An enzyme from a microbe that lives inside a cows stomach is the key to turning corn plants into fuel, according to Michigan State University scientists.
The enzyme that allows a cow to digest grasses and other plant fibers can be used to turn other plant fibers into simple sugars. These simple sugars can be used to produce ethanol to power cars and trucks.
MSU scientists have discovered a way to grow corn plants that contain this enzyme. They have inserted a gene from a bacterium that lives in a cows stomach into a corn plant. Now, the sugars locked up in the plants leaves and stalk can be converted into usable sugar without expensive synthetic chemicals.
The fact that we can take a gene that makes an enzyme in the stomach of a cow and put it into a plant cell means that we can convert what was junk before into biofuel, said Mariam Sticklen, MSU professor of crop and soil science. She is presenting at the 235th national American Chemical Society meeting in New Orleans today. The work also is presented in the Plant Genetic Engineering for Biofuel Production: Towards Affordable Cellulosic Ethanol in the June edition of Nature Review Genetics.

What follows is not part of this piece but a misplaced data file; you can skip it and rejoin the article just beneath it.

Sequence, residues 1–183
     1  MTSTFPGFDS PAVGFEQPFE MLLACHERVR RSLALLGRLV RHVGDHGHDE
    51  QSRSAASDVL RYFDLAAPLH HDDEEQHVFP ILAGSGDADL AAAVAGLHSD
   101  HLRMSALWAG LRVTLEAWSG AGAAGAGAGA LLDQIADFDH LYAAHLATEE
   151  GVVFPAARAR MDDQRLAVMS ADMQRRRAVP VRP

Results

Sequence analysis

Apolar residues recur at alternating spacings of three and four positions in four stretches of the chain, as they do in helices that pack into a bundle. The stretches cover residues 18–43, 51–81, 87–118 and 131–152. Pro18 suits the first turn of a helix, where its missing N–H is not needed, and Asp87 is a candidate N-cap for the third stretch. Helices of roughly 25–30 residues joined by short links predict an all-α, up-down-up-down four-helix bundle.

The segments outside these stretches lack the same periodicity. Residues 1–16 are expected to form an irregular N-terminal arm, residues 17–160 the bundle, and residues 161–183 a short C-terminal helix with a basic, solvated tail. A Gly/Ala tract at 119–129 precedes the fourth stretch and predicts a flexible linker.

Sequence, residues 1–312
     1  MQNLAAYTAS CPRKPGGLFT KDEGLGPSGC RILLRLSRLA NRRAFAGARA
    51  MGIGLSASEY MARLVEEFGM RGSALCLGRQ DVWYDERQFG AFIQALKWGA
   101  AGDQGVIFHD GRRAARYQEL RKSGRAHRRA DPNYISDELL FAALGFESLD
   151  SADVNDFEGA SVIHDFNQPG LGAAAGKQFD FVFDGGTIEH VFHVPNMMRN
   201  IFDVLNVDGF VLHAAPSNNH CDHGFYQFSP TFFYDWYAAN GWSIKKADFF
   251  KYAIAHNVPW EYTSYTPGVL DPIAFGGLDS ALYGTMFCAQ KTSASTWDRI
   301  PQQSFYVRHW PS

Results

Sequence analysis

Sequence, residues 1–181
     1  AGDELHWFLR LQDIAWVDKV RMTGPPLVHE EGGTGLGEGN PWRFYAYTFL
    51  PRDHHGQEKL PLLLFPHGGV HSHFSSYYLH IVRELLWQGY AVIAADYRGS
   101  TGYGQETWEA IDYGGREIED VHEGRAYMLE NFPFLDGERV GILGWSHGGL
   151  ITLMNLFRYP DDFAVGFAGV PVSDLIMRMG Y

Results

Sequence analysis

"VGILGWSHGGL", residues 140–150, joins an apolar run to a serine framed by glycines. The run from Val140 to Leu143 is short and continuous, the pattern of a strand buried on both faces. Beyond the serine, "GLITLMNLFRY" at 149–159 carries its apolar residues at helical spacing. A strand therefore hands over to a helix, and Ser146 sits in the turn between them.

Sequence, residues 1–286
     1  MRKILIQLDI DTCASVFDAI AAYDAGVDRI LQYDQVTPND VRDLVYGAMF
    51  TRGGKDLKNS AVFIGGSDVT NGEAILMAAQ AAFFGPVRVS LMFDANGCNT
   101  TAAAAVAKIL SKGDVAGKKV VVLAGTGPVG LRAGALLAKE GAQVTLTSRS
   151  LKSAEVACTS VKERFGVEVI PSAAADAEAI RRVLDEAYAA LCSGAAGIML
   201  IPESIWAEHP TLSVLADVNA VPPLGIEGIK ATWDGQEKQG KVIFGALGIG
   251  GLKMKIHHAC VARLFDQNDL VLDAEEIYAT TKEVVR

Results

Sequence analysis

Cows, with help from bacteria, convert plant fibers, called cellulose, into energy, but this is a big step for biofuel production. Traditionally in the commercial biofuel industry, only the kernels of corn plants could be used to make ethanol, but this new discovery will allow the entire corn plant to be used so more fuel can be produced with less cost.
Turning plant fibers into sugar requires three enzymes. The new variety of corn created for biofuel production, called Spartan Corn III, builds on Sticklens earlier corn versions by containing all three necessary enzymes.
The first version, released in 2007, cuts the cellulose into large pieces with an enzyme that came from a microbe that lives in hot spring water.
Spartan Corn II, with a gene from a na
|Contact: Tom Oswald|
Michigan State University